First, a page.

My Big Fat First Wedding

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The Spark Was Gone

But in the end we split up for a more primal reason: He stopped wanting me in any physical sense. I'd gained so much weight he no longer found me attractive. Worse, I was beginning to see myself as he did. It was as if I were permanently positioned in front of a fun-house mirror, the kind that makes you look freakishly short, rippled and round.

"But you gave him two beautiful children," a friend exclaimed furiously when I confided to her about Robert's lack of interest. "There should be a special circle in hell for men who make women feel bad about gaining weight after motherhood."

She had a point. On the other hand, I understood that Robert couldn't force himself to desire me. And I'd put on not just a few pounds, but a lot of them: forty, to be exact, in four years of marriage. True, I'd started year one thinner than usual, thanks to an all lentil-and-rice diet, so actually I'd gained less than it seemed. But Robert hadn't known me before and I'm sure he worried that I'd continue this 10-pound-a-year expansion, saddling him with an Incredible Hulk of a wife.

I was not -- and I swear this is an objective view -- obese. But Robert was trim and muscular and I was buxom and plump and busting out all over. I looked nothing like the woman who had seduced him in that San Francisco bar. How could he have known that lurking inside that lean, mean dancing machine was a Rubenesque big mama ready to slip into comfort-waist jeans?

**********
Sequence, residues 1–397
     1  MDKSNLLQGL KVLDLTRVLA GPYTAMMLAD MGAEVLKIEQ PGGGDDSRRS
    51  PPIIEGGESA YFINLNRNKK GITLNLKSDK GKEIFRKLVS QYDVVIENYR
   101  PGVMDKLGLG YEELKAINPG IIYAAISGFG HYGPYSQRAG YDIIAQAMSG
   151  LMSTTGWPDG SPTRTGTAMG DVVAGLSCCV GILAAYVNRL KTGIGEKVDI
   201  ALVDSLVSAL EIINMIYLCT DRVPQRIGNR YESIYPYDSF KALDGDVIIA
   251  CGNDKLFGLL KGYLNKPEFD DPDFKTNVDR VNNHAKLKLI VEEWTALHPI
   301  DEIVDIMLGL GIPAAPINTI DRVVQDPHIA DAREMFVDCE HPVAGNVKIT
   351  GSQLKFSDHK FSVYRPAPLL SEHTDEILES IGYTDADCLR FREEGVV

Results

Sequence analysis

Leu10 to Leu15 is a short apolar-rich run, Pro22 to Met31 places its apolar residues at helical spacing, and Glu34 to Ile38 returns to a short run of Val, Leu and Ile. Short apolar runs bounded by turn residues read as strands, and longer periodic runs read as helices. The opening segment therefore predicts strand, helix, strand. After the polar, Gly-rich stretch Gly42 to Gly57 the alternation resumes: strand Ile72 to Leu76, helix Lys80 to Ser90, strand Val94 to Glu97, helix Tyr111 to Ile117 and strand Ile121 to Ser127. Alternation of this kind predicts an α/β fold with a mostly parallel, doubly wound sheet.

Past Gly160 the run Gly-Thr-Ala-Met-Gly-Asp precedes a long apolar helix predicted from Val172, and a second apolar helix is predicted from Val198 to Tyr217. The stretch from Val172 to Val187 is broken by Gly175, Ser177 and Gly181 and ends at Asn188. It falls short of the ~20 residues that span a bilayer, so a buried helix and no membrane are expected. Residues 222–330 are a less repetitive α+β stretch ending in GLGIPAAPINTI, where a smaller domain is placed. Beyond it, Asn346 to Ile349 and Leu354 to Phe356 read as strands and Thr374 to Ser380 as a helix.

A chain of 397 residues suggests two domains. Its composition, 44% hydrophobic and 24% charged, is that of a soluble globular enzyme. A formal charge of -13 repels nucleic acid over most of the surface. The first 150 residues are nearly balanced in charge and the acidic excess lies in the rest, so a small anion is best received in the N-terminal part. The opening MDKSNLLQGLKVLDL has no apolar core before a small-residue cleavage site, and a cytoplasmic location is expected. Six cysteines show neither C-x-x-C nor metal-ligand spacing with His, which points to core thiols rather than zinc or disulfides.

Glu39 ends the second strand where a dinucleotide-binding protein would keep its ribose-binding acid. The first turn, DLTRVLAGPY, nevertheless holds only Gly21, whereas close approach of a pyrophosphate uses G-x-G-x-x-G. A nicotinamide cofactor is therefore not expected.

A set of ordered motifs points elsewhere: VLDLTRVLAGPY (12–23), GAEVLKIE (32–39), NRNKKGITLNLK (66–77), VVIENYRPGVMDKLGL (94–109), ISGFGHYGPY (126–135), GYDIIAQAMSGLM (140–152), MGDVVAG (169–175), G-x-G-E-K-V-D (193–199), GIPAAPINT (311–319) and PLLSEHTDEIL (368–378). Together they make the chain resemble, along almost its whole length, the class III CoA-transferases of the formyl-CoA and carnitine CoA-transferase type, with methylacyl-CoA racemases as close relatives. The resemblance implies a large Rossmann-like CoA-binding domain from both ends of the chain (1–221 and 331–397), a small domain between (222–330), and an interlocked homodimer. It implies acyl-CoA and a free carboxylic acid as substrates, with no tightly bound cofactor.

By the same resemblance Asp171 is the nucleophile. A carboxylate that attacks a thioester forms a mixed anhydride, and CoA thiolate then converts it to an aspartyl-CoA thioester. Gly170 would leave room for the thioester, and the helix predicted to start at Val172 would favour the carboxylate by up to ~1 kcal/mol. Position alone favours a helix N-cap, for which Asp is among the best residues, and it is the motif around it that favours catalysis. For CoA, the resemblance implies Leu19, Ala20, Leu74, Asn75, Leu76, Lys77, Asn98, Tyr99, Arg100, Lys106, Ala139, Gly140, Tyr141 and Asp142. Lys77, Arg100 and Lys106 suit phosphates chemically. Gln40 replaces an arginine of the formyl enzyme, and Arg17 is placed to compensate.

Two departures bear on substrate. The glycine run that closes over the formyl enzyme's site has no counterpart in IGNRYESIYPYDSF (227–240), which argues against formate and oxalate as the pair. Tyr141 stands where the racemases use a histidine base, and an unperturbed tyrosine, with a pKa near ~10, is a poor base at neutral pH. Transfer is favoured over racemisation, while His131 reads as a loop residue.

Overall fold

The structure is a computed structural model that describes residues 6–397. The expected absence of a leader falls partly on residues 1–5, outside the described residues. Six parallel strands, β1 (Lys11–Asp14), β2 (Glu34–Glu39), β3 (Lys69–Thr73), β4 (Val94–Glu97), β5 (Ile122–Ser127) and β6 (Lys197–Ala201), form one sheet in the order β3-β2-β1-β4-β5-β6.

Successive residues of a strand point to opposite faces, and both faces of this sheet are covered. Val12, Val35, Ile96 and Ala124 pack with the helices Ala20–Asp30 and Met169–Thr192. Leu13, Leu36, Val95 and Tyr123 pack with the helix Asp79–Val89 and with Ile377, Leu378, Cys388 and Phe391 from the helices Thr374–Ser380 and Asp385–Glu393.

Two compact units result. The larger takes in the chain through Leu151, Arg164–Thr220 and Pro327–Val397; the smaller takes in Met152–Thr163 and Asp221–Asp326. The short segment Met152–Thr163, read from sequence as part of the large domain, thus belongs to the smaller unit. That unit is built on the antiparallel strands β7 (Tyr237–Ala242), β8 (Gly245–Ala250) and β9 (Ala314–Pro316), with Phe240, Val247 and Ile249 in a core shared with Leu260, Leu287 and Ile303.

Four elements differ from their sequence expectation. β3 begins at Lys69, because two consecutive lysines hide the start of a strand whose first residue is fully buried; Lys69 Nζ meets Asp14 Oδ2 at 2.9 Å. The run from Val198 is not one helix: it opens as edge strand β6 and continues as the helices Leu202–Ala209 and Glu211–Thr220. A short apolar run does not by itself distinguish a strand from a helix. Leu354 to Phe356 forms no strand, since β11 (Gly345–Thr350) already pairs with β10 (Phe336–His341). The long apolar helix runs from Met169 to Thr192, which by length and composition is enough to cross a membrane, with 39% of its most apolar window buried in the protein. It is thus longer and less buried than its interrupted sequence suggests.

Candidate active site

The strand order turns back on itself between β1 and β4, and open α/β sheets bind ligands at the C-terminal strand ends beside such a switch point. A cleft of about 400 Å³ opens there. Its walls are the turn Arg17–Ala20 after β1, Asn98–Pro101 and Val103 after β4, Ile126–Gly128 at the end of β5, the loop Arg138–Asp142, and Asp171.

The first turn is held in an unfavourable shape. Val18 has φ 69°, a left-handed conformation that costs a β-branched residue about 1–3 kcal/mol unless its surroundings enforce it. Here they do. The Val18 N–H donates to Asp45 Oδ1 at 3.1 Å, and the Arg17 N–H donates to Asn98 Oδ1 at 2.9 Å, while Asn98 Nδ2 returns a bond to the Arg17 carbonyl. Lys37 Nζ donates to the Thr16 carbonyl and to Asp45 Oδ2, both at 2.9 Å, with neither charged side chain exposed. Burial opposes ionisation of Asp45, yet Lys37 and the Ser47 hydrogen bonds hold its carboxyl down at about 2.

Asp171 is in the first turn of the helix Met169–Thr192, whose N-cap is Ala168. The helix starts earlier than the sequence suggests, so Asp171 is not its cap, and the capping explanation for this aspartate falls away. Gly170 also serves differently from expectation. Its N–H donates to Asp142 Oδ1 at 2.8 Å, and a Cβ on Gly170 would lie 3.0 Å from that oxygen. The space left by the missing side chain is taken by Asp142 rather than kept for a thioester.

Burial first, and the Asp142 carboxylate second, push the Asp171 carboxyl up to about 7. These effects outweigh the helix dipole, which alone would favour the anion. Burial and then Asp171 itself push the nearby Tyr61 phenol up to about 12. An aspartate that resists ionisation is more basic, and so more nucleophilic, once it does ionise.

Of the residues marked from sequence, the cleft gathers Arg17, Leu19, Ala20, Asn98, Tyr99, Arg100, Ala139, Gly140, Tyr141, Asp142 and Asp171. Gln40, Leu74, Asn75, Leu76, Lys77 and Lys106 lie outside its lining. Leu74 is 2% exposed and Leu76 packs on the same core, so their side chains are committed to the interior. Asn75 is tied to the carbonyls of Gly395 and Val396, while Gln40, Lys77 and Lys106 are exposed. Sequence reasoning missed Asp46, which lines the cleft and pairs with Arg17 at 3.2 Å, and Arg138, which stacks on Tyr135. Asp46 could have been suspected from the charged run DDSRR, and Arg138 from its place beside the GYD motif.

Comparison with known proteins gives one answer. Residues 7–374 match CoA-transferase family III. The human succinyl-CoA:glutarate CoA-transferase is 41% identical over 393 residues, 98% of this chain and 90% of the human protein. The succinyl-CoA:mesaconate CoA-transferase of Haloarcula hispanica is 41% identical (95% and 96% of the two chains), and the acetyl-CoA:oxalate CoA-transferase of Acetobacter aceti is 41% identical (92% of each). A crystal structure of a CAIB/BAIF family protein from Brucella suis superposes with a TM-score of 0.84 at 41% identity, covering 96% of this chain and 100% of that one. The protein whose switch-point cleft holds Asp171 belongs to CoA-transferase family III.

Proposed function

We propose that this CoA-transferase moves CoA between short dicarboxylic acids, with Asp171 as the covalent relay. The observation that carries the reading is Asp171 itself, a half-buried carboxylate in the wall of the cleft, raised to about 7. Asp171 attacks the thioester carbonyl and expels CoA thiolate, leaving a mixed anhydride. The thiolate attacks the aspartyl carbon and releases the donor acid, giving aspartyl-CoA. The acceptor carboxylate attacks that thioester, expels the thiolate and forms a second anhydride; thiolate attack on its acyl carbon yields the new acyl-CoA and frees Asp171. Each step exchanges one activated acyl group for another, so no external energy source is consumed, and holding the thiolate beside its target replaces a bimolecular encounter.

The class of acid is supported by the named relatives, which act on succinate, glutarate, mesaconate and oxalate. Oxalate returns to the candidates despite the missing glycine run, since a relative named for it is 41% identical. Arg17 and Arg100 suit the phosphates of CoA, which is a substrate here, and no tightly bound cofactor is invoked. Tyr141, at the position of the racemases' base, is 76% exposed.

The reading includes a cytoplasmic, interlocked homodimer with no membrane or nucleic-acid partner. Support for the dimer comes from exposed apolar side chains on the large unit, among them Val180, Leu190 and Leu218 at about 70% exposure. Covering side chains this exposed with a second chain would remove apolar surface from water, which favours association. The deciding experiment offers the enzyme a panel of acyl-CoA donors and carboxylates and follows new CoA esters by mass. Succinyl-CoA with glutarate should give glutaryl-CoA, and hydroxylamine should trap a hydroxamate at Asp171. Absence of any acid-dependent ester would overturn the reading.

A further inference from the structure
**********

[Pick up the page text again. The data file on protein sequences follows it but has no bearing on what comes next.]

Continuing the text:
Robert was less bothered by our dormant sex life than I was. I wondered if he was having an affair, but he denied it, and he was one of the most honest people I knew. That left just me and my body as the cause of his languid libido. "What's the big deal about sex anyway?" Robert asked one day. "The point of marriage is to raise a family. Nothing's perfect for any couple."

I struggled to accept this view, with little success. And as time passed our marital clashes increasingly centered on my blossoming shape.

Why did sex matter so much to me? Because I firmly believe that a feverish tryst, or even a tender, familiar roll in the hay, expresses what words can't. I view sex -- and science backs me up here -- as the glue binding a couple together, essential for withstanding differences in politics and personalities, not to mention the rigors of aging and daily life with children. Occasionally, with prodding from me, we rallied on a Saturday night, but the spark was gone.

Continued on page 3:  Tears and Changes

 

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